The Sphinx of Giza or the Great Sphinx of Giza is a giant monument, erected in the time of Ancient Egypt that is located near the Pyramids of Egypt, on the west bank of the River Nile, just outside Cairo.
The presence of the three pyramids (Khufu, Khafre and Menkaure) and the Sphinx as a guardian makes the Giza Necropolis, one of the most famous archaeological sites in Egypt, Africa and the world.
The great Sphinx is located in the Giza Plateau, in Egypt (Africa), researchers believe that the date of its construction was around 2500 BC, during the reign of Pharaoh Khafre; however, some point out that its age is much older: erected in 10,000 BC.
The term sphinx derived from the Egyptian language “shesep ankh”, which means “living image”, that is, it would act as a guardian of the Giza Plateau, representing the strength of Pharaoh.
History portrays that the Sphinx was built with the head of Pharaoh Khafre. For the ancient Egyptians it represented a deity: The Sun God “Ra”.
Legend has it that around 1400 BC Thutmose IV rested beside the great Sphinx of Giza and had a dream about the sun god, asking him to remove the sand that covered it; in return, the god would transform him into a great Pharaoh.
Among the lion’s immense paws, it is possible to find a red granite plate describing this passage. Some scholars believe that it was painted red, however over time the coloring has disappeared.
With sandstorms in place, the sphinx’s body was completely covered for millennia, being fully discovered in 1925. In addition, it has been restored several times and is currently one of the most visited monuments by tourists from all over the world.
Structure of the great Sphinx of Giza
The Sphinx has an interesting structure based on a mythical figure that includes a lion’s body and a human head with a real turban turned towards the rising sun. For the ancient Egyptian people, the lion represented an important protection figure.
Made of limestone, it is 73 meters long, 19 meters wide and 20 meters high and represents the largest Sphinx on the planet and also the largest statue carved out of a large block of stone.
Mysteries of the great Sphinx of Giza
One of the greatest mysteries about the Sphinx is related to the date on which the monument was erected and also to the loss of the nose, one meter wide.
Many hypotheses revolve around this issue, whether due to the loss in one of the Napoleonic invasions, or even the erosion caused by time.
Is there anything inside the Sphinx?
The Great Sphinx of Giza was made by sculpting a limestone mound located on the Giza plateau. It has a height of about twenty meters, measuring the face more than five meters. The head could represent the pharaoh Khafre, having his body the shape of a lion.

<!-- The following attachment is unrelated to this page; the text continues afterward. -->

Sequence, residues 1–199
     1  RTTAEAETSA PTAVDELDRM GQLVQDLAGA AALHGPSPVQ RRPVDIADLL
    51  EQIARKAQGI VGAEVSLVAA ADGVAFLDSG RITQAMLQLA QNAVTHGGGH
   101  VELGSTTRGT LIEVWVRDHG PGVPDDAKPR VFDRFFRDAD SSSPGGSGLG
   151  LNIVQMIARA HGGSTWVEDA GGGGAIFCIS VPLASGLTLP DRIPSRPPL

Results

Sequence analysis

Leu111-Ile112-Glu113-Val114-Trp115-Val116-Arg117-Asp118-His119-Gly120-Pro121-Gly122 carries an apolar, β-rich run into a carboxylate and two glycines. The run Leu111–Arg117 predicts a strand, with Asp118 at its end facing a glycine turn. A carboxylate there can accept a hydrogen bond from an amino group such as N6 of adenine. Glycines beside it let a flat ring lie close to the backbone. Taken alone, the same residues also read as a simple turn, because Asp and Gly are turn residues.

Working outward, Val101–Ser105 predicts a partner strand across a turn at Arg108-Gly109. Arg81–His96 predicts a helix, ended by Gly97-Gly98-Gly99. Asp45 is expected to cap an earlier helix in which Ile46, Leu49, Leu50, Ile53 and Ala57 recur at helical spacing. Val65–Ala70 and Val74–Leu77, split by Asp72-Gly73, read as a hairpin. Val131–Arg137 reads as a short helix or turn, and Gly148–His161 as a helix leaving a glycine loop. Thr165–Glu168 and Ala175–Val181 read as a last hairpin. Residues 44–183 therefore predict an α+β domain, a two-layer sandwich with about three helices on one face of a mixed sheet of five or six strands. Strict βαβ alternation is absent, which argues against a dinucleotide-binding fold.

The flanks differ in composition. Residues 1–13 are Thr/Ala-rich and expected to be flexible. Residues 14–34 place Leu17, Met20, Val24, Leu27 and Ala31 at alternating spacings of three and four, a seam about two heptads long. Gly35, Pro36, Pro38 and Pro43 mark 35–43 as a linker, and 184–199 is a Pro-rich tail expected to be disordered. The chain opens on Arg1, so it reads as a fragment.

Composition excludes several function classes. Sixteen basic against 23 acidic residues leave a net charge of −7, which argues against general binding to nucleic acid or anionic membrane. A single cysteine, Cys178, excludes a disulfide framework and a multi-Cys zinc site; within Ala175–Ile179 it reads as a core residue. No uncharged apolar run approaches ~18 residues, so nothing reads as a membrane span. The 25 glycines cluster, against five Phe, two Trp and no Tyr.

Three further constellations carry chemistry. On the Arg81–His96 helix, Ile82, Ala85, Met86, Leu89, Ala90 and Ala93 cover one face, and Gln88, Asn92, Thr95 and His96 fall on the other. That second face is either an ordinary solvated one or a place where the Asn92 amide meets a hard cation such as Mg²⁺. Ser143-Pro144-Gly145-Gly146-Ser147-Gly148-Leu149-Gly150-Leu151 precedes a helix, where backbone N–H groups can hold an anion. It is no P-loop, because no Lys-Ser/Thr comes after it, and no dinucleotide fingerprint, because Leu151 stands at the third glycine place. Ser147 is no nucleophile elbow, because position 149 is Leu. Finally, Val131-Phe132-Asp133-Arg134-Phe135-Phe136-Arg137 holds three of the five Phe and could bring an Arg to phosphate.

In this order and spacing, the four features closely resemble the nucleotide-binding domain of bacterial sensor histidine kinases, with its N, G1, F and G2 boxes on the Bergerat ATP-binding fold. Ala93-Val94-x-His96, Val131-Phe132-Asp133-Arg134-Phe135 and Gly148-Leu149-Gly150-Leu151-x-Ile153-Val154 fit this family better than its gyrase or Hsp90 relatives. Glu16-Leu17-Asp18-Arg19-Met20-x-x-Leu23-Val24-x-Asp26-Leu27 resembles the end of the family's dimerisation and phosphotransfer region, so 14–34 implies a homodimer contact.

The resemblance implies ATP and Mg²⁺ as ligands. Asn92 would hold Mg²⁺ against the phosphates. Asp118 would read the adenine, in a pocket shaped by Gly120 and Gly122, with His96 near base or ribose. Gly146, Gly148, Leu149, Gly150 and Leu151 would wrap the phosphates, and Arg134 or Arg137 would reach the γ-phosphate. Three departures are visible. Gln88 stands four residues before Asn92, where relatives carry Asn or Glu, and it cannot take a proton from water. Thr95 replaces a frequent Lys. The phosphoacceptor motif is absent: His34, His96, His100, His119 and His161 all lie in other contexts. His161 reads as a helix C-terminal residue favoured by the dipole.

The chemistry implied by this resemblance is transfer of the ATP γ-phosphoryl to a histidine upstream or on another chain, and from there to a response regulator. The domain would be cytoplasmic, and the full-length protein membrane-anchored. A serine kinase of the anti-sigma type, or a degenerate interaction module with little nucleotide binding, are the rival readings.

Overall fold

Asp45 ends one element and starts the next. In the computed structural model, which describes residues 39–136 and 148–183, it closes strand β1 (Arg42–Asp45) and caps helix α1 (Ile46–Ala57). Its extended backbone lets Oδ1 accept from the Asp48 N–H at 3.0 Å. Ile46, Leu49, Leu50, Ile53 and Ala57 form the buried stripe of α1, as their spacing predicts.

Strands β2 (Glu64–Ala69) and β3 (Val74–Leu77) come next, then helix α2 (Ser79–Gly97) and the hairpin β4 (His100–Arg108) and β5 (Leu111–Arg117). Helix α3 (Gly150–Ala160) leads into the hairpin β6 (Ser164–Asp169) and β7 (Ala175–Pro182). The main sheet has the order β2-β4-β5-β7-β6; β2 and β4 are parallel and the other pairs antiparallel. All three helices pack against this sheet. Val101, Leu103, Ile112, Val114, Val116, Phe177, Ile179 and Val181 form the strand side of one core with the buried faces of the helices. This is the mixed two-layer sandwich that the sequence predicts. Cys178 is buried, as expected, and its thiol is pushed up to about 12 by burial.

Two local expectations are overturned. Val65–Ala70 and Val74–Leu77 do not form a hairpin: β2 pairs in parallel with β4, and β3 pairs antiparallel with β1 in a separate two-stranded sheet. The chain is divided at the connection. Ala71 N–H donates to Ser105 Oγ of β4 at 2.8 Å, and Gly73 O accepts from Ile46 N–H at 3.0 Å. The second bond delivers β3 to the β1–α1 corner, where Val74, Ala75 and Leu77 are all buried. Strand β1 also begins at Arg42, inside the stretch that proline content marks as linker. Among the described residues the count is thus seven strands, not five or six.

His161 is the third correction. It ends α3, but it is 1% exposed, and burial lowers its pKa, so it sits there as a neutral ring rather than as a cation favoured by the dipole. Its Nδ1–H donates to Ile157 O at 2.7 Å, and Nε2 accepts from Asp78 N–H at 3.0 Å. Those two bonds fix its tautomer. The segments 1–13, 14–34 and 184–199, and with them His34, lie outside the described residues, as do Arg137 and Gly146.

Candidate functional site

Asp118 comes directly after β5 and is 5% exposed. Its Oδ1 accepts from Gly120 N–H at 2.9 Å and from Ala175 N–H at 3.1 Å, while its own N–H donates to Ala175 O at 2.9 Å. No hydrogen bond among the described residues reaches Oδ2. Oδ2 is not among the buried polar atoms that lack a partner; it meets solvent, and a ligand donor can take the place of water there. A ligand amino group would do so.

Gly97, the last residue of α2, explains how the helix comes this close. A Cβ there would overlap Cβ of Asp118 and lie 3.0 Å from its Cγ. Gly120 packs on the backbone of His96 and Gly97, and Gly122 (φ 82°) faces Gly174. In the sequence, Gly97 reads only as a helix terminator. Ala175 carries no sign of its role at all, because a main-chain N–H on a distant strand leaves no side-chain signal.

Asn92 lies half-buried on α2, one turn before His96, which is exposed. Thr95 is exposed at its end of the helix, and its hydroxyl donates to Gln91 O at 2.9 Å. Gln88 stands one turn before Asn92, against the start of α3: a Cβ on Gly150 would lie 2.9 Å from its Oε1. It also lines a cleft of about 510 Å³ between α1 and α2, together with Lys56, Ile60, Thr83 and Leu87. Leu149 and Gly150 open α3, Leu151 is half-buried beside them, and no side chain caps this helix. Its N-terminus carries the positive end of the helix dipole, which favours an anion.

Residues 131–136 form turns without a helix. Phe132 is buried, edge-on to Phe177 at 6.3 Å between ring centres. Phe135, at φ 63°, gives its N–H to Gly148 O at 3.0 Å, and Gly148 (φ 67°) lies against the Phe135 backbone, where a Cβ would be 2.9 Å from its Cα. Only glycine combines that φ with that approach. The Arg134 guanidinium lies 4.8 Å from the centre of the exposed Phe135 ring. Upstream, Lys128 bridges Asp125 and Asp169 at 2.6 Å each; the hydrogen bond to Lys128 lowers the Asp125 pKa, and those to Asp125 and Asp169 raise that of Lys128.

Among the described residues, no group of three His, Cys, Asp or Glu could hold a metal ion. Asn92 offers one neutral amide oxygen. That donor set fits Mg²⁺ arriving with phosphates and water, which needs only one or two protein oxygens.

Where is the nose of the great Sphinx of Giza?
Between “1798:1801” Egypt underwent the Napoleonic conquest and it is in this period that French troops are supposed to have smashed the nose of the Great Sphinx, either by cannons or by riddling the ancient Egyptian monument with bullets.
Is shocking that an army was accompanied by a large group of sages who were going to publish the first great scientific work of Egyptology “La Description de l’Égypte”, were at the same time so insensitive to the pharaonic legacy as to destroy it with their weapons.
In addition, to the relief of Napoleon and his army, it must be borne in mind that the Sphinx of Giza is known to have had no nose before Napoleon’s army set foot on Egyptian lands.
This evidence is found in drawings made by the Danish architect Norden Frederick Lewis Norden where we can see that the Great Sphinx already had no nose in 1737.
It is true that the same year, the Englishman Richard Pococke also made drawings of the Sphinx, in this case with his nose set, but it is more credible that Pococke had exercised his artistic license to show the monument in its original state than Norden had invented the absence of the olfactory organ.
The key to the mystery is in a document by the 15th century Arab historian Muhammad al-Husayni Taqi al-Din al-Maqrizi, who in his book al-Mawa iz wa al-itibar fi dhikr al-khitat wa al-athar, tells that the nose and Ears were destroyed in 1378 by the Sufi leader Sa’im al-dahr, who was offended The Sphinx according to Richard Pocockeby the devotion of the Egyptians to the monument and wanted to “remedy a religious error”.
For his crime, Sa’im al-dah was accused of vandalism and executed, but the damage had already been done.
Incidentally, I must add that the chin found under the head of the sphinx, currently in the British Museum in London, was apparently added after the construction of the main monument, as there are no signs of damage to the jaw that one would expect to find if it had been part of the original construction.